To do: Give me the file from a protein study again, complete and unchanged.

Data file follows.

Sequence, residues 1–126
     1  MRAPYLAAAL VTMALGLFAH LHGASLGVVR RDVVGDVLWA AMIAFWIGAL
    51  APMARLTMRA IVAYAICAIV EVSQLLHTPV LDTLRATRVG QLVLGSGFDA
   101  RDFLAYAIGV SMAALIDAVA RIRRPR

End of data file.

Sequence, residues 1–126
     1  MRAPYLAAAL VTMALGLFAH LHGASLGVVR RDVVGDVLWA AMIAFWIGAL
    51  APMARLTMRA IVAYAICAIV EVSQLLHTPV LDTLRATRVG QLVLGSGFDA
   101  RDFLAYAIGV SMAALIDAVA RIRRPR